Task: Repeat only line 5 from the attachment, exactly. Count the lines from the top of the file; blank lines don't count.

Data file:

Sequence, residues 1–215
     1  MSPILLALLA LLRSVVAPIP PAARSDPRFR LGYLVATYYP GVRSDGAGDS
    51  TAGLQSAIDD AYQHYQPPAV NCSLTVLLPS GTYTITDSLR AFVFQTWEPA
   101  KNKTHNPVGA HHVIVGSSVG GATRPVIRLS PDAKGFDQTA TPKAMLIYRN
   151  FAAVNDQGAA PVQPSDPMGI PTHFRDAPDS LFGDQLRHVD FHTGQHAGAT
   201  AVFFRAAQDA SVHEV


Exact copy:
   151  FAAVNDQGAA PVQPSDPMGI PTHFRDAPDS LFGDQLRHVD FHTGQHAGAT